I said, this is really exciting. I said, how about if we recreate your program, your night when Frank Stauffacher had you up there to do the world premiere of Introspection? She said, well, are you sure you want to do it? And I said, yeah. I said, let's dig up the original program notes from that show. And that particular night, her film was shown with a very long Russian film, I think it was by Kuleshov. It was called BY THE LAW. And it's kind of an interesting film, but it's long and it's pretty tedious. And we showed that and we showed Introspection, which was, I believe, in the original order it was shown after that.


And Sara got up and talked about what it was like to screen her film there and what Frank Stauffacher was like and what Art In Cinema was like. And, of course, now we know how important that series was to the kind of birth of the experimental film programming on the West Coast. So we were doing a lot of stuff like that. And then the organization started getting a little more well known. By this time, I think, by the fall of '75 or by the fall of '76, I started to go to a few of the Theatre Vanguard screenings and made the acquaintance of Doug Edwards who was running Theatre Vanguard at that time, which was really the only other place showing experimental film.


And they had a pretty advanced program at this time. And Doug took a real interest in what we were doing and encouraging what we were doing. He did not see it in any way, shape or form as being competition. But I think he felt, well, if this young guy can get this thing off the ground, it would be another venue for filmmakers that were coming in the area. So he was very encouraging. I told him, yeah, we really want to focus on the experimental film. We want to try to find a venue in the Pasadena area that's going to be a stronger venue. And we'd already started getting a reputation. We did a one-person show with Chick Strand at the Pasadena Community Arts Center facility. We did a program with Jules Engel. So people started becoming pretty aware of Filmforum.


And, so, Doug said, well, look, we got to get you hooked in to the grant cycle because, you got to have to support these things somehow. So Doug did something which I still consider a very noble gesture on his part. This was when he was working at the Theatre Vanguard, which was run by a woman named Judith Stark. She was the mastermind behind Theatre Vanguard. She brought Doug Edwards in to do the programming.


I didn't know much about Judith Stark, but he gave me, shared with me his grant application that he had written for, I think, the California Arts Council or maybe the National Endowment for the Arts. You see, here's a sample of my grants, here's how you do it 'cause I'd never really written a grant before. And here's how I did it and you can use this as a model, just don’t tell Judith Stark that I gave this to you. [laugh] And so that allowed me, I think around '77, to write our first grant. I think it was '77 or '78 when we got our first grant.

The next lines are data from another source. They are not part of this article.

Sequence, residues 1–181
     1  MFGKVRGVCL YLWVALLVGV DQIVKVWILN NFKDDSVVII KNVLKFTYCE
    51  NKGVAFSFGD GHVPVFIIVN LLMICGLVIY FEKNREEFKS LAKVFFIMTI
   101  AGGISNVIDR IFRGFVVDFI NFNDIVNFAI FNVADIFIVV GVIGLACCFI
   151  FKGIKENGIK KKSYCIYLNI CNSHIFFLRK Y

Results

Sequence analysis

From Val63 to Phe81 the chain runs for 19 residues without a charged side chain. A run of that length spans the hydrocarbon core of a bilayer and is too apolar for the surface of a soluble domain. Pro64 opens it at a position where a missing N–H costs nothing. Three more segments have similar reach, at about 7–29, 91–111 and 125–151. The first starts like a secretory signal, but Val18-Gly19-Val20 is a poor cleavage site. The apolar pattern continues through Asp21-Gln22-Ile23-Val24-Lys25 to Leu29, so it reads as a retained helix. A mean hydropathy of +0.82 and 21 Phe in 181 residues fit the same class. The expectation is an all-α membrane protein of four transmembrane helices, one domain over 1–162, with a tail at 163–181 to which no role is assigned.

We got a small grant, I think, from the California Arts Council, followed by a grant from the NEA. But the big turning point for us, for our organization, into really starting to get established and really just start doing some serious programming was in probably the spring of '77 when we moved to the theater space, our own theater space that we designed ourselves behind the Aarnun Gallery. Aarnun Gallery was a contemporary art gallery and framing shop in Old Town Pasadena.


And Ed Nunnery was the key person there. He had come to a couple of Filmforum shows. He knew we were looking for a space. I was getting the word out. Of course, I had my underground newspaper, so when I was distributing that every month, I would go to places like Aarnun Gallery and talk to the proprietors. And he said, we've got this new building we've just moved into. We're going to do the framing downstairs. We're going to have the gallery in the center of the building. And we have this big area in the back of the building. It used to be a sporting goods store.


He said, we got this big area in the back of the building that we could turn over to you for your film screenings. What was great about it is the upstairs in the back where we were going to be. The upstairs was the manager's office, so it had a second floor office building that had a window. So, I saw that. I said, wow, that could be our projection space. The gallery was subdivided, so there was this big wall, so it was just perfectly set up. I said, this would be beautiful, we'll bring in couches and set up our own theater space.


Ed Nunnery said, look, I'll lease this space to you for $100 a month. You can use it any night you want. And so, that was it. I said that's great. We arranged the deal with him to come in there as his tenant. The access was through the back of the building and there was a parking lot in the back. The gallery was closed at night, so that part of the building was closed off from us. We brought in old sofas, we brought in a screen, we brought in some funky old speakers.